HONOLULU (KHON2) — A Hawaiian Airlines flight from Honolulu to Seattle was diverted Thursday afternoon, Sept. 23, after a passenger refused to comply with the federal mask mandate.
According to a Hawaiian Airlines spokesperson, a passenger on Flight HA22 refused to wear a mask and caused a disturbance to other passengers.
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The incident happened approximately two hours after the flight departed Honolulu at 1:05 p.m.
Flight attendants, along with an off-duty pilot, were able to de-escalate the situation. However, the captain elected to divert the flight out of an abundance of caution.
Local authorities met the aircraft upon arrival at 5:53 p.m. A new departure time will be determined.
Flight HA22 is the second flight the airlines had to call back in less than 12 hours.
A Hawaiian Airlines flight attendant was assaulted by a passenger Thursday morning as it departed Honolulu for Hilo at 7:30 a.m. Flight HA152 turned around about 15 minutes after liftoff.
A passenger sitting nearby who wanted to remain anonymous said the flight attendant was passing out beverages and made his way back down the aisle when the passenger jumped up and punched the flight attendant. Click here for the story.
So far this year, Hawaiian Airlines has banned or denied boarding to 98 passengers. While there are individuals who do not make it on the plane, there are others who do not cooperate once they are on board.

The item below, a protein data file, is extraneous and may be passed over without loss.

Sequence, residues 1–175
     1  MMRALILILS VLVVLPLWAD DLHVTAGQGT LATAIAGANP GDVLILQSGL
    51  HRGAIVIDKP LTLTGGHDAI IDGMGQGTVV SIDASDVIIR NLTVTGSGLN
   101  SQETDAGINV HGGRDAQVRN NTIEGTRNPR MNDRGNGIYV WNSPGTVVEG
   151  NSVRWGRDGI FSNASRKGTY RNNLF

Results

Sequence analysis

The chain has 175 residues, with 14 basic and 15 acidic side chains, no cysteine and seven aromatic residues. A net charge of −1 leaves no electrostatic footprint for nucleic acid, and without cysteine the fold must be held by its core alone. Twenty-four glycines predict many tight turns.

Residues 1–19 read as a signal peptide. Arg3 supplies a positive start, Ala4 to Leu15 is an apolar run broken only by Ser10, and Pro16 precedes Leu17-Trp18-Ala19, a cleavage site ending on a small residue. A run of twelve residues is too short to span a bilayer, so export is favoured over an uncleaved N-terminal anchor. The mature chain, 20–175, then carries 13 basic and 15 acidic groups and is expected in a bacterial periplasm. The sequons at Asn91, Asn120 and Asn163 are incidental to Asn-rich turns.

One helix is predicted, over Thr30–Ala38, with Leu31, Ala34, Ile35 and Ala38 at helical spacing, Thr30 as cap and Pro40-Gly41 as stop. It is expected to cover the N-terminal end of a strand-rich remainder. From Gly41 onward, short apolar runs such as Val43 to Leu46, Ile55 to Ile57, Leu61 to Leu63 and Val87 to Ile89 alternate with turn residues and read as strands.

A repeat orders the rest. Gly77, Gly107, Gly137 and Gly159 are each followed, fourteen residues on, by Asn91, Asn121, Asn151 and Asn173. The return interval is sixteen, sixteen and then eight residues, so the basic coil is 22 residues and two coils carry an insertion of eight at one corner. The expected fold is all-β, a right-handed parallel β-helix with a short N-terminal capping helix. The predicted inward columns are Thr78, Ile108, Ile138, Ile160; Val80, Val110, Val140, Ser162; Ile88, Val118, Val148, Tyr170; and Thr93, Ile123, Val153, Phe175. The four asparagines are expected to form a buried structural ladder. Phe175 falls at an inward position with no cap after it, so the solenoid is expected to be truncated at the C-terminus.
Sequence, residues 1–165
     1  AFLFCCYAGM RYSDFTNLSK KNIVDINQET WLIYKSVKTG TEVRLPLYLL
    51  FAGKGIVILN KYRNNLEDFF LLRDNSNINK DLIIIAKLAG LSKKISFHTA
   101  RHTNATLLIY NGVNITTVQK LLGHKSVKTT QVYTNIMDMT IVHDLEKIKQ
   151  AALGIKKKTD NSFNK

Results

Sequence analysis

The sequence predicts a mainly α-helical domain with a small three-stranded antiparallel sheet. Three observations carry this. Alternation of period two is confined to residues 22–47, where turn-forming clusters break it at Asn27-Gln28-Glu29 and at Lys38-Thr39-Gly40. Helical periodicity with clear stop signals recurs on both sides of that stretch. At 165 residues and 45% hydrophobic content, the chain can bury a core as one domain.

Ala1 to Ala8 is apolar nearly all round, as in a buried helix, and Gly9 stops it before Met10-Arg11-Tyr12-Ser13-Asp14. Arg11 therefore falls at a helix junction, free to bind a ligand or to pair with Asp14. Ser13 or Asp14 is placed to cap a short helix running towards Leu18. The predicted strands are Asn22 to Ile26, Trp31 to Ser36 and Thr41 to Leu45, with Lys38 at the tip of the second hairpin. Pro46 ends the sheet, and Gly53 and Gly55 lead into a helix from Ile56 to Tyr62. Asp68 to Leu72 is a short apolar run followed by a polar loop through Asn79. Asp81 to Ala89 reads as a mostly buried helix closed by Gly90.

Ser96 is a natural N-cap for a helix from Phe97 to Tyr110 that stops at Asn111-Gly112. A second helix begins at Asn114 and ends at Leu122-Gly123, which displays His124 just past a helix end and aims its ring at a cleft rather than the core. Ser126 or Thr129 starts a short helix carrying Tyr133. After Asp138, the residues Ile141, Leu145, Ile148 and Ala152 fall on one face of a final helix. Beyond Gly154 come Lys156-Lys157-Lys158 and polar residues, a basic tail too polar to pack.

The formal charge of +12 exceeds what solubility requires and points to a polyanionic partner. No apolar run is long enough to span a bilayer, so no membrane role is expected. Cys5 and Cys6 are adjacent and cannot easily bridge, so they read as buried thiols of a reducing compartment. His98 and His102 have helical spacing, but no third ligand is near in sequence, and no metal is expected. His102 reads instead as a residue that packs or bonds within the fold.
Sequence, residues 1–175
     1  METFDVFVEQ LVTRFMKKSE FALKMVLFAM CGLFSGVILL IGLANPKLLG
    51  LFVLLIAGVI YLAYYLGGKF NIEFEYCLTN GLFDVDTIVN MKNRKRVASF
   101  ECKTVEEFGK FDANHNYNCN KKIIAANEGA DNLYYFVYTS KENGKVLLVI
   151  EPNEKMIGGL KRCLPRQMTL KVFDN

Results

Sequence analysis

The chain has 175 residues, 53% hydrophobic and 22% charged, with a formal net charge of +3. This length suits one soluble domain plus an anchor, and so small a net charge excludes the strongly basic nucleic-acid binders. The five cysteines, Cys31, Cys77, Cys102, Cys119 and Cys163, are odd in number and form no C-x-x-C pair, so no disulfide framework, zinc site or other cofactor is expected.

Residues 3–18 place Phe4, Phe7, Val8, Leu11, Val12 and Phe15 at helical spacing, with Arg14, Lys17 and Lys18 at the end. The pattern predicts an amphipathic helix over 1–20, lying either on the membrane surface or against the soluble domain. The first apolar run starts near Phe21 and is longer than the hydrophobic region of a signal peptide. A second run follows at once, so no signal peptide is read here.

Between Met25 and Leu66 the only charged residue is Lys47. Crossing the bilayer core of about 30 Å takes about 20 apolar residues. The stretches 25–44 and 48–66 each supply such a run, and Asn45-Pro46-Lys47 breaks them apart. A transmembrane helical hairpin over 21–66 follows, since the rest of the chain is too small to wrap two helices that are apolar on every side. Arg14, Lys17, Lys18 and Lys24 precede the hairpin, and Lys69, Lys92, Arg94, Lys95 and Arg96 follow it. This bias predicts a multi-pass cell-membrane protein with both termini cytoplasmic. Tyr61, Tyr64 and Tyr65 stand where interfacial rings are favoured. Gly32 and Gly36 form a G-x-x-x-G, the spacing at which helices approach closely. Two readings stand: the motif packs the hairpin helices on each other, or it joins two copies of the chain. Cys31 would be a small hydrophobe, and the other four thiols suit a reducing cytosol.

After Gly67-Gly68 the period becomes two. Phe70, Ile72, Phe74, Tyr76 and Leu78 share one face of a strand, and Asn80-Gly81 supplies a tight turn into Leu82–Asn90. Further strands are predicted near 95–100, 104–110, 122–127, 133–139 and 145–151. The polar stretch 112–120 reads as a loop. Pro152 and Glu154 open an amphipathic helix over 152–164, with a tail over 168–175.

“We still have incidents where people are just wearing their face mask below their nose or improperly until a flight attendant walks by and that aggravates the other passengers, and it causes a difficult situation,” said Jaci-Ann Chung of the Hawaiian Airlines flight attendants union. “So it’s been difficult through this pandemic and things have certainly peaked because of it.”
The Hawaiian Airlines flight attendants union said crew members always had a huge responsibility in the air, but now more than ever with more reports of unruly passengers.
“Deescalation is a major part of what we do, because we don’t want things to escalate on the plane. So we do anything we can, and mostly it’s talking and listening to our passengers to find out what the issue really is,” said Chung.
Chung said she is not aware if any flight attendants have let the profession due to these reoccurring incidents, but said airlines do provide options for staff.
“We do have a liberal contract, and I think that some people tend to take leave just to get a little bit of rest from the work that we do,” Chung said.
Officials are asking travelers to keep in mind that these are federal mandates. They must be followed, and flight attendants are just trying to do their job.
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“Most people expect that we’re just serving beverages or taking care of the comfort, but really we’re there as safety professionals and that’s the most important thing to know or recognize about flight attendants. We all have to coexist in this tiny tube up in the sky, but our hope is that we can continue to bring our passengers back and forth safely,” Chung said.